The consumer cooperative model spans almost all business sectors, from a credit union to a CSA farm membership.
KEY FACTS ABOUT CONSUMER COOPERATIVES
Millions of Americans are involved in consumer co-ops. Below are a few key facts:
- More than 7000 credit unions serve 100 million customers in the U.S.
- More than 42 million customers receive electricity from The National Electric Cooperative Association
- Over 1 million families have an affordable, pleasant place to live through consumer housing cooperatives
- PCC Natural Markets in Seattle is the largest consumer-owned food co-op at more than 56,000 members
- Examples of consumer cooperatives include REI, PCC Natural Markets, Navy Federal Credit Union and The National Electric Cooperative Association.
CONSUMER CO-OPS: HOW THEY WORK
Consumer co-ops are a vital component of modern global economies.
WHAT IS A CONSUMER CO-OP?
So, what is a consumer cooperative? It’s a business owned by its customers, for the mutual benefit of its customers.
The purpose of consumer cooperatives is to offer goods and services at the lowest cost to the customer-owners — in contrast to companies that serve the interests of stockholders. A consumer co-op retains profits as capital with mutual ownership or invests the funds into the growth of the organization. The member-owners control the business and share a common goal to deliver quality products and services at low prices.
Co-ops operate under the guidance of the seven cooperative principles. The most important principle for a consumer cooperative is democratic member control in which each member has one vote. This structure differs significantly from traditional businesses, which typically operate for profit and focus on achieving value for their investors.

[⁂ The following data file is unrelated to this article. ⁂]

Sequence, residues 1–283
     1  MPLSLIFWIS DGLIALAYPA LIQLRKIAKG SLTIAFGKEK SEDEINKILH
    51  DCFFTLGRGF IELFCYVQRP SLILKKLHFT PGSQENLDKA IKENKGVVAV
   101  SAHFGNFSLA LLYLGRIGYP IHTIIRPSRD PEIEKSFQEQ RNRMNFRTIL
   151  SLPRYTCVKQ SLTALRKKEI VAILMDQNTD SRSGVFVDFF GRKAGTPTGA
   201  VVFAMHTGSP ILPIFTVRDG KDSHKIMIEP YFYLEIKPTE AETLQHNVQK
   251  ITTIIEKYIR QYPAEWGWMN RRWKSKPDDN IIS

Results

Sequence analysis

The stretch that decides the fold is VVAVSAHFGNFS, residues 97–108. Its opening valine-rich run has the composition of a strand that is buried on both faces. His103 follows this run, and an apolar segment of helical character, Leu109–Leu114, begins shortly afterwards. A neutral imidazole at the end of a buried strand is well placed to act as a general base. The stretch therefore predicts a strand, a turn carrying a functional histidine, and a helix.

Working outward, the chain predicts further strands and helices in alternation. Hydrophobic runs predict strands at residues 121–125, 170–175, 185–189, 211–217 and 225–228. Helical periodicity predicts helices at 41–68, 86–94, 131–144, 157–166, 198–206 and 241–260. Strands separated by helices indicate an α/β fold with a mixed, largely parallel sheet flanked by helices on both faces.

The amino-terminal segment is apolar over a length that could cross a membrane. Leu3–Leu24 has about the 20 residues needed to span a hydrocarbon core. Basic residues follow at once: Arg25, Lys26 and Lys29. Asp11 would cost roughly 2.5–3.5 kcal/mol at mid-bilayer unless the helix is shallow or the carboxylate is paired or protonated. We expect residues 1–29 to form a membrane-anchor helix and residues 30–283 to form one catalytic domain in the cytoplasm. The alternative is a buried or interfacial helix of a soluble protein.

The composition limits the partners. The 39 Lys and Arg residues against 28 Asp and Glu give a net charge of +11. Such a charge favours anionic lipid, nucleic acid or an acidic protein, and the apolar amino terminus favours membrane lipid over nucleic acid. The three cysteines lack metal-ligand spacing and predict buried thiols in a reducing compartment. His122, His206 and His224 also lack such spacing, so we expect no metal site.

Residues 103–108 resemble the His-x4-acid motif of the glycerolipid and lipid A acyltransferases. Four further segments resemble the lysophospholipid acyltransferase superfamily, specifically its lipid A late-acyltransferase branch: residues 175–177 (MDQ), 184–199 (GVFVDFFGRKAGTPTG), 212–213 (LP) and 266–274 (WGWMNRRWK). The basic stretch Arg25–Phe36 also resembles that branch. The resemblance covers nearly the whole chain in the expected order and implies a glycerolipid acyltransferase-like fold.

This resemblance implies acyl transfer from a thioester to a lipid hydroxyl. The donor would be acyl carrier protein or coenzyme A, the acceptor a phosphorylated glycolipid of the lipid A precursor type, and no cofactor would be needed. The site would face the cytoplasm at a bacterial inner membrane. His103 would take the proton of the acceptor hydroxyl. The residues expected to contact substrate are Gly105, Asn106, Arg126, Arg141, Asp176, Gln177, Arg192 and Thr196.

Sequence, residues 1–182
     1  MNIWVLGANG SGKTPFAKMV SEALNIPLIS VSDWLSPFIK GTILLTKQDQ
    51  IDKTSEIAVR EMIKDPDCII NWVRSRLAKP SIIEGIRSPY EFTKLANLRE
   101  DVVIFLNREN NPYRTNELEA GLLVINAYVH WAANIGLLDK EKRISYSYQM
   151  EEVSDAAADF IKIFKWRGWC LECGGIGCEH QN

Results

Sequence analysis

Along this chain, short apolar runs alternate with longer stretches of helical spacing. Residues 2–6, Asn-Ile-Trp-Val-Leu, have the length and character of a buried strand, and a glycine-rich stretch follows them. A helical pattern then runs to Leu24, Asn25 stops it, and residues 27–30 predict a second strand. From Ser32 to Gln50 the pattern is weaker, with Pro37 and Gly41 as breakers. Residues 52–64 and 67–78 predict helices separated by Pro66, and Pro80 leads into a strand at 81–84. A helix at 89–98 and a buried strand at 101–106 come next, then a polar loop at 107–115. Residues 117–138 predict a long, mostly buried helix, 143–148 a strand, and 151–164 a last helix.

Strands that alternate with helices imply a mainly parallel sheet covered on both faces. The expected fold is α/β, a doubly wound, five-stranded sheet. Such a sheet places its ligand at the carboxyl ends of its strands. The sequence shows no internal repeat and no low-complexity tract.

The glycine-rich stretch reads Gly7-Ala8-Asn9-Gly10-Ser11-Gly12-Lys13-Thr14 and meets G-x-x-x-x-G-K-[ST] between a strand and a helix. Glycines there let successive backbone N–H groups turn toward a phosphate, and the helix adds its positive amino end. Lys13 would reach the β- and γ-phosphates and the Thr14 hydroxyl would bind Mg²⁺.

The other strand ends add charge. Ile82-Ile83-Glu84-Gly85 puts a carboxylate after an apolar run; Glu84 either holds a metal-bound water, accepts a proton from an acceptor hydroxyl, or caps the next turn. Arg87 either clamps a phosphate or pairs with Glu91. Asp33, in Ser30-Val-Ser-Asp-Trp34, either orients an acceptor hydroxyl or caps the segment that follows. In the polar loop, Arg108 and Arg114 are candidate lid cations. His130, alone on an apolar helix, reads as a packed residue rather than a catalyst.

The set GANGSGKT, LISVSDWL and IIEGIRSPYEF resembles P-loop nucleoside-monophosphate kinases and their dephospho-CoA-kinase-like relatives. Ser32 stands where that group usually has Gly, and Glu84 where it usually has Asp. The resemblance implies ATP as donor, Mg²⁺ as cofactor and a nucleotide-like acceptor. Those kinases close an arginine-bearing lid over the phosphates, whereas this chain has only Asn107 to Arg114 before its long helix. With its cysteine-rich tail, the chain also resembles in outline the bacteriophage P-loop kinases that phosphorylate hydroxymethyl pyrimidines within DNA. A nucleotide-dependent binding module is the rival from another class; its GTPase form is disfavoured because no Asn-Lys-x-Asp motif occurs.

Every member has the power to control the business by voting on leaders and deciding how to run the co-op. An elected board of directors is charged with hiring managers and monitoring the co-op’s progress toward financial and other goals. Each co-op holds regular membership meetings and maintains a set of bylaws or another organizing document.
In a consumer cooperative model, every member is a shareholder, so everyone’s voice is heard. Consumer co-ops focus on serving their customers, not turning a quick profit, and work within a mutually supportive economic model.
A BRIEF HISTORY OF CONSUMER CO-OPS
History often credits Benjamin Franklin for establishing the first consumer cooperative in the United States in 1752. He and a group of like-minded peers voluntarily formed a mutual insurance group called the Philadelphia Contributionship of the Insurance of Houses from Loss by Fire. As its name suggests, the mission was to provide economic relief if a member lost their home to a fire. The company still operates today.
Modern consumer co-ops evolved from the movement’s rise in Europe in the 1800s, especially from the Rochdale Equitable Pioneers Society established in 1844. This 28-member group created the seven cooperative principles that co-ops worldwide adopt and abide by.
THE IMPORTANCE OF CONSUMER CO-OPS